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Art review: Repeat ² at Megalo Print Gallery is impressive

Repeat ². Various artists. Megalo Print Gallery, 21 Wentworth Avenue, Kingston. Until August 20.

There is something special about handprinted textiles – the human touch.

Artists and designers in the 19th century set out to counter the "dark Satanic mills" of the Industrial Revolution with handcrafted products and the great William Morris handprinted his textile designs, employing the risky indigo discharge print method largely using natural dyes. Various forms of batik and screen-printing became widely employed in fabric printing in the 20th century, with the Russian Constructivists making some of the most breathtaking and memorable fabrics early in the century.

Megalo in Canberra has developed a well-equipped fabric screen-printing studio with a fabric printing table that can accommodate up to eight-metre lengths of fabric and full photo-transfer facilities with a large exposure table. Great art facilities generally attract good artists and the situation is no different in the area of screen-printed fabrics.

Repeat ² is an exhibition that brings together two well-known artists, Annie Trevillian and Julie Ryder, plus four younger emerging artists, Estelle Briedis, Chris Burton, Megan Jackson and Jemima Parker.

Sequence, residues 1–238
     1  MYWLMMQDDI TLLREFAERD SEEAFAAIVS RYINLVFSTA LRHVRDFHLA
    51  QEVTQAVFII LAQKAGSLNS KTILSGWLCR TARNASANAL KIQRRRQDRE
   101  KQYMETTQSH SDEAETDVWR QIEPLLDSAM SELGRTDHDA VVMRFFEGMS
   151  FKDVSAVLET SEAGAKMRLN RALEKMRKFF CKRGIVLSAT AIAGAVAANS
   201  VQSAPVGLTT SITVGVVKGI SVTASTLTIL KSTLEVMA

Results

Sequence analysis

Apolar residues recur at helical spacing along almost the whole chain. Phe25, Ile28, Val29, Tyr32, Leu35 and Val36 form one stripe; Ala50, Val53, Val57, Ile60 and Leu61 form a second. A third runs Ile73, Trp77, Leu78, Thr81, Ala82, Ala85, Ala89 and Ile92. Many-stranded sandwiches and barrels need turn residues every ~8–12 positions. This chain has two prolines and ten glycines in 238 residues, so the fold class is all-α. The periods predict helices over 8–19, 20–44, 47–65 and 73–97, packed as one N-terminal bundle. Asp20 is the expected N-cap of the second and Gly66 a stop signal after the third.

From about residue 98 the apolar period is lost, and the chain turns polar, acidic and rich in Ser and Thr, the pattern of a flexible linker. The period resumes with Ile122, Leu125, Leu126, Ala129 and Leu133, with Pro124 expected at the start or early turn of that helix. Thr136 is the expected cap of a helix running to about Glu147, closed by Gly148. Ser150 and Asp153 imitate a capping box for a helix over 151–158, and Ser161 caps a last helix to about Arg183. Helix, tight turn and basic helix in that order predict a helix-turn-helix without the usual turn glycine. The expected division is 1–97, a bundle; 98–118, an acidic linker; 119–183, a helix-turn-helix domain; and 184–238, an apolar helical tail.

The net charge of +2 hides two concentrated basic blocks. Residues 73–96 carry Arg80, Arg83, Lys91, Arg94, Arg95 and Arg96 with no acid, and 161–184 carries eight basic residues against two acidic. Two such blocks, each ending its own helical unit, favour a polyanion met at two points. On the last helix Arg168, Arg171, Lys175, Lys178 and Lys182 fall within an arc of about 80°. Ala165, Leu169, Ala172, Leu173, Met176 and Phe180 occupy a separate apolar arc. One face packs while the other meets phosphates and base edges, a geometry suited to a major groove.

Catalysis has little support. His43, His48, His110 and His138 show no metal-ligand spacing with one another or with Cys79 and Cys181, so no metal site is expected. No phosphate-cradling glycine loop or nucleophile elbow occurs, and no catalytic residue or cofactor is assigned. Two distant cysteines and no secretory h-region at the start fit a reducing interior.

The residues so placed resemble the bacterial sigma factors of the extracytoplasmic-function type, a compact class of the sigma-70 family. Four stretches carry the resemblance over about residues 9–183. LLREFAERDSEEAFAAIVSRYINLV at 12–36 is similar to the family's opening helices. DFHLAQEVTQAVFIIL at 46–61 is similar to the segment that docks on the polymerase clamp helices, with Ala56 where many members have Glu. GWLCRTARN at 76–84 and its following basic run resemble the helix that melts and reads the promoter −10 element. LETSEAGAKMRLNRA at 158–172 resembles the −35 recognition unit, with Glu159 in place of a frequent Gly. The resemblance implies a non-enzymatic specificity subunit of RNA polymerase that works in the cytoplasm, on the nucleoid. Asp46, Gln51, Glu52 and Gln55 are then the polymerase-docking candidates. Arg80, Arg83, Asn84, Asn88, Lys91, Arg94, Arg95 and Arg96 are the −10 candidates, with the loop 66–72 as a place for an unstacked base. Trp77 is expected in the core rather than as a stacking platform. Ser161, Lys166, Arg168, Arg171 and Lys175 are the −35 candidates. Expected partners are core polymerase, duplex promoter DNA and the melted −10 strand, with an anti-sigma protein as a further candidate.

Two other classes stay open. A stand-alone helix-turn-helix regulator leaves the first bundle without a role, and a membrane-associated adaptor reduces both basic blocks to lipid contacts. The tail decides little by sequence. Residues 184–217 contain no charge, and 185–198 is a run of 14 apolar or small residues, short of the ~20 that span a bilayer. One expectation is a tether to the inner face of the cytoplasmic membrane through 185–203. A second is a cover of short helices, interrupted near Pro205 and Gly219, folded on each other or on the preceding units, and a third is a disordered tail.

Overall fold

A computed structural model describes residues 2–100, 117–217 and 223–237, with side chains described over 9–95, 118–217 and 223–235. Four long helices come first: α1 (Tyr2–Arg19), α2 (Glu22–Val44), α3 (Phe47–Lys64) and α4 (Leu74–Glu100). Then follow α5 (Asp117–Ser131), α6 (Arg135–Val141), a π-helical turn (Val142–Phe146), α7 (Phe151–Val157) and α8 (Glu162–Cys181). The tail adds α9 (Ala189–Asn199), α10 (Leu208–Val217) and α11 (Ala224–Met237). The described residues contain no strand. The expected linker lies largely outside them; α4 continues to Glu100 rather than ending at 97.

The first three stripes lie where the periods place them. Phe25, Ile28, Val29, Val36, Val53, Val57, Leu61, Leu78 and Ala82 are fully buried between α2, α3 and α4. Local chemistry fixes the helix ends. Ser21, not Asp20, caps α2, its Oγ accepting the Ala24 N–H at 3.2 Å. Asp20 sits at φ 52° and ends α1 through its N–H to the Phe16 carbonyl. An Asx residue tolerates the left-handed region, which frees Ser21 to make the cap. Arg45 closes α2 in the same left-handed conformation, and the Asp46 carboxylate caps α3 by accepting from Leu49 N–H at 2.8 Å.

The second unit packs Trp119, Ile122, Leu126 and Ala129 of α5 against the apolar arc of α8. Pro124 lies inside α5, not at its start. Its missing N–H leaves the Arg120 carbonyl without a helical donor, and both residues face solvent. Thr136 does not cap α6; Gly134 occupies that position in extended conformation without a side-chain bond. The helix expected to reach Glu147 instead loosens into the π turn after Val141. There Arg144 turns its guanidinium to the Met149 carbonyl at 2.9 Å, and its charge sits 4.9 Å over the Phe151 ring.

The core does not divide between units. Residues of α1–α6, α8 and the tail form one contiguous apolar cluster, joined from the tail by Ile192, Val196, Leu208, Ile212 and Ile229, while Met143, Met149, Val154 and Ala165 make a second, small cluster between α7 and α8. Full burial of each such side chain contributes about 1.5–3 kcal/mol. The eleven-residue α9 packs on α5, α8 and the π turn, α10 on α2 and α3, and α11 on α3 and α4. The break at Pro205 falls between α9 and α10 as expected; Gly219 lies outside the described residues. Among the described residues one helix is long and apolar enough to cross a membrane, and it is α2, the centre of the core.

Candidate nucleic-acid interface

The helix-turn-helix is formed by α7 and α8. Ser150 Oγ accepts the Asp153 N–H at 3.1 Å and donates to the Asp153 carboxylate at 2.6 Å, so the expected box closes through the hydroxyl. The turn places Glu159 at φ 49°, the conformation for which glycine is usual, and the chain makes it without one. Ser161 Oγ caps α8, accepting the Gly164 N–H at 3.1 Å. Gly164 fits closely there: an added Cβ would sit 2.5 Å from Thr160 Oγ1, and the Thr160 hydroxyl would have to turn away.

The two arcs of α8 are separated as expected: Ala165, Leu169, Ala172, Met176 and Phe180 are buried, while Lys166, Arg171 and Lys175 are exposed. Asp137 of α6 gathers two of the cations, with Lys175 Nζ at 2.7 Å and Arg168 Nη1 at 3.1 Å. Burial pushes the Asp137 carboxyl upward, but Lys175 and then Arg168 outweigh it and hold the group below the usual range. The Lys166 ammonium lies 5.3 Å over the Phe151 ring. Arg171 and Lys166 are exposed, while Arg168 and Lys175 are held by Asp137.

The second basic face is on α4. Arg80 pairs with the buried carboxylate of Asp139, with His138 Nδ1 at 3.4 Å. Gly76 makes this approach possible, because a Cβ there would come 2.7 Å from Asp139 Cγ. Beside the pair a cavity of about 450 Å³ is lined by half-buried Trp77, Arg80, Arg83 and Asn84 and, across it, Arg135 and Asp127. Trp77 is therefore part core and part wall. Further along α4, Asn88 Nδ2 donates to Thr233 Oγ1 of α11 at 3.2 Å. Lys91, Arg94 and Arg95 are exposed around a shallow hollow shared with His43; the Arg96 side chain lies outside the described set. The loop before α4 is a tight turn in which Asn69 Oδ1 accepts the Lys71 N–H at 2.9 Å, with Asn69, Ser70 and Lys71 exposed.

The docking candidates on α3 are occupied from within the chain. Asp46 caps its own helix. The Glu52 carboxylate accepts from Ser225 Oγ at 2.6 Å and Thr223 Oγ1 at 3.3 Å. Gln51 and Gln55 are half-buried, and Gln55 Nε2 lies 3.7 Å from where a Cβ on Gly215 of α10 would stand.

Trevillian is a Megalo veteran, who has used its facilities since its earliest days at the Ainslie Village and has taught fabric printing at the CIT and the Canberra School of Art. Her piece in this exhibition, Trees, a screen-print on hemp, belongs to her ongoing series of treescapes, where repetitive tree shapes, in different colours, create a strong and effective design of considerable subtlety. She has a wonderful grasp of space, so that the designs breathe and allow the delicate colours to establish their presence. They are atmospheric expanses of fabric that draw the eye into closer inspection.

Ryder is an unusual textile artist, who has moved from a professional practice in science to a professional engagement with the visual arts over the past 25 years that she has spent in Canberra. She combines a conceptual underpinning for her art with a strong sense of design. Her swatches in this exhibition consist of relatively small-scale screen-prints on various fabrics that are inventive, experimental and visually challenging.

Of the emerging fabric artists, Briedis is one of the more interesting with her series of screen-prints on cotton. She has been the recipient of the Megalo Emerging Artist Support Scheme and has spent time at Megalo as an artist-in-residence. She works from details of objects observed around her, plants or architecture, which she then abstracts and out of these designs creates a densely interwoven pattern. The patterns are effective, bold and stand out in space.

As more and more people seek a sense of authenticity within an interior decor, handprinted fabric art is experiencing a resurgence in popularity. Megalo is positioning itself as a leader in this field.